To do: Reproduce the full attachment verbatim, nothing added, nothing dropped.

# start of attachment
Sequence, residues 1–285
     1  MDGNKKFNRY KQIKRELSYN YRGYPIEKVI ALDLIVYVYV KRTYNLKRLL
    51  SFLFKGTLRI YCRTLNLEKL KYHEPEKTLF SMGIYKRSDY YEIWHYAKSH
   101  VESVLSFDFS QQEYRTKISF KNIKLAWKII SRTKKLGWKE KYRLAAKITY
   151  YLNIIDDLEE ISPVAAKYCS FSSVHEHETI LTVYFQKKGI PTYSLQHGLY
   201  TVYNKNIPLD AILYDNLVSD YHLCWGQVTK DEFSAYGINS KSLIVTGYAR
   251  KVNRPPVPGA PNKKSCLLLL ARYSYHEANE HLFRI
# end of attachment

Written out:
Sequence, residues 1–285
     1  MDGNKKFNRY KQIKRELSYN YRGYPIEKVI ALDLIVYVYV KRTYNLKRLL
    51  SFLFKGTLRI YCRTLNLEKL KYHEPEKTLF SMGIYKRSDY YEIWHYAKSH
   101  VESVLSFDFS QQEYRTKISF KNIKLAWKII SRTKKLGWKE KYRLAAKITY
   151  YLNIIDDLEE ISPVAAKYCS FSSVHEHETI LTVYFQKKGI PTYSLQHGLY
   201  TVYNKNIPLD AILYDNLVSD YHLCWGQVTK DEFSAYGINS KSLIVTGYAR
   251  KVNRPPVPGA PNKKSCLLLL ARYSYHEANE HLFRI